But above all, once I figure out where my principles should place me, I have no idea to whom I should reach out with my desire for action. Domestic issues have that advantage – maybe I take to the streets, or organize, or write some letters. But where international affairs are concerned, it is leaders and multilateral agencies that pull the strings. Even if we wanted to help the girls in Nigeria, ultimately, we have to count on the Nigerian government to take that action – and how is that working out?

I will bring up one other article that has been circulating recently: “We’re Missing the Story” in the New York Times. It is actually a preview for an upcoming book (which in itself is a strong statement about the market dynamics underpinning journalistic articles). The author Anjan Sundaram makes the point that international news reporting is declining. He laments that foreign correspondents keep their distance in cushy hotels and rarely get the real story. He says he really tried to get real story by living as the Congolese did. Yet, that doesn’t add up – if the content was of local interest and required living amongst the Congolese, then why not just hire a Congolese reporter? And if the information is meant for an international audience, are we surprised that audience would focus on topics that pull them in for their own reasons?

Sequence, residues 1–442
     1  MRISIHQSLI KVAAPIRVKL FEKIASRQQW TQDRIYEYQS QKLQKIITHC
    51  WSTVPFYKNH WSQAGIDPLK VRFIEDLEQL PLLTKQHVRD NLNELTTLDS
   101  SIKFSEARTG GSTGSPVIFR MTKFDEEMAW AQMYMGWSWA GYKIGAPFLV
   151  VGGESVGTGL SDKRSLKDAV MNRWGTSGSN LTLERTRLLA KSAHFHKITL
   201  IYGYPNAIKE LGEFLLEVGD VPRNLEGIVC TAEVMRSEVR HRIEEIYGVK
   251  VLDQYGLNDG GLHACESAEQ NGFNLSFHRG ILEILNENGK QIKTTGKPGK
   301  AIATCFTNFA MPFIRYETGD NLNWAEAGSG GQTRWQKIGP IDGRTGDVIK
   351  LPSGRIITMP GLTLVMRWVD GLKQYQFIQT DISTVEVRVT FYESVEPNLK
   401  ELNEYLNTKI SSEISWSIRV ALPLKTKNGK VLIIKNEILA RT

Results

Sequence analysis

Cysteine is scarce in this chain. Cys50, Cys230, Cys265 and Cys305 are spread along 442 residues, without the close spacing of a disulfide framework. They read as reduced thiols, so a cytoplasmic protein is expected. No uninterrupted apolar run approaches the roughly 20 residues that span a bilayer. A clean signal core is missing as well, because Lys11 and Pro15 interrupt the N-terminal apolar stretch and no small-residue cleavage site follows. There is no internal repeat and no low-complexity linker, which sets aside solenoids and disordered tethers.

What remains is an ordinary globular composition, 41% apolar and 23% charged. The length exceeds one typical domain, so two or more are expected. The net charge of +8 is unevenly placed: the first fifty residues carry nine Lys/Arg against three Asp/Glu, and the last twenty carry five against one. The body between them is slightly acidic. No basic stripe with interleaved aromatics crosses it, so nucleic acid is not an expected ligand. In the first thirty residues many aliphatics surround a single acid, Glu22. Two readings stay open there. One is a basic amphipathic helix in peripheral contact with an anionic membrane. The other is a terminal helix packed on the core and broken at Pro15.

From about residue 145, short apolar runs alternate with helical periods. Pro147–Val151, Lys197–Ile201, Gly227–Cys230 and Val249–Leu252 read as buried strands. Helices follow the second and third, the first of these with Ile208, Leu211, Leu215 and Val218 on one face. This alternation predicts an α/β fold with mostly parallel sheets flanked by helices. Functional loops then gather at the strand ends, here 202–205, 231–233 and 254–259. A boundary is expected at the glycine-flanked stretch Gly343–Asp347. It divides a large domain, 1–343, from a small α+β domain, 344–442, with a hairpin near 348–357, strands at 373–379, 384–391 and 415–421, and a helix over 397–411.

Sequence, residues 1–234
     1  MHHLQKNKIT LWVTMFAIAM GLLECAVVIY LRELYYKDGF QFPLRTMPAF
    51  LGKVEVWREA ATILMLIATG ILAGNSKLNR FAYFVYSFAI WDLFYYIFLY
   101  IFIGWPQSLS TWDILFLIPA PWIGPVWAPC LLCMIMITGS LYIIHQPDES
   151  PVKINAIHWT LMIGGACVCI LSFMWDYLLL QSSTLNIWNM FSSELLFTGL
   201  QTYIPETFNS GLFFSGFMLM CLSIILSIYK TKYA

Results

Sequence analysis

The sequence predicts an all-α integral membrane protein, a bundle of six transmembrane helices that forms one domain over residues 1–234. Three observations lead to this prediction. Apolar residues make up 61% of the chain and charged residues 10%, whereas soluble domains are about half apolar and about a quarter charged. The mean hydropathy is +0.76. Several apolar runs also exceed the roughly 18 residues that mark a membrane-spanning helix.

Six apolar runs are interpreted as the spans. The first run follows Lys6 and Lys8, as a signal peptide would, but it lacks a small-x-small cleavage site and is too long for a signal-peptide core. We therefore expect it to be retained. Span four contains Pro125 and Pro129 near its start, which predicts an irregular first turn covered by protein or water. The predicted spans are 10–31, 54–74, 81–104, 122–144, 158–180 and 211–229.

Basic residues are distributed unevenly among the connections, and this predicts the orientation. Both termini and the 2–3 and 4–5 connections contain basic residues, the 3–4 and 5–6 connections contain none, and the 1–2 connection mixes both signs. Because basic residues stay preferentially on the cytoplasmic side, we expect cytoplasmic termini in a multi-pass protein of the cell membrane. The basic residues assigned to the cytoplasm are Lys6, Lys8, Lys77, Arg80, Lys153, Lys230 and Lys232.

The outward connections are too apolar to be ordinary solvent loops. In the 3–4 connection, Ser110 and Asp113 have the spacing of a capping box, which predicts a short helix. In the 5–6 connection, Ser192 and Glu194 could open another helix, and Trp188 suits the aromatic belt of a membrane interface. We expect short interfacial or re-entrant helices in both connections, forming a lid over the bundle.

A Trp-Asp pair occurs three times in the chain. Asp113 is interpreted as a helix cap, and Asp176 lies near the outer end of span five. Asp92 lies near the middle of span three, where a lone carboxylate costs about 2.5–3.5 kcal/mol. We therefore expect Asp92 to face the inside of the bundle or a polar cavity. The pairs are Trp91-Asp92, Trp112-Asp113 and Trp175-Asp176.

Sundaram switches to an economic argument: there is money for international reporting, he says, it’s just allocated elsewhere. But if you make that kind of argument, then you have to acknowledge that these news outlets are businesses, and if the audience does not see a need or use for Congolese electoral politics, then naturally, the supply will be squeezed. Because what can an American citizen really do about Congolese politics? (Nothing, I hope.) Nor will they see the aftermath, because they won’t have to live under the elected official.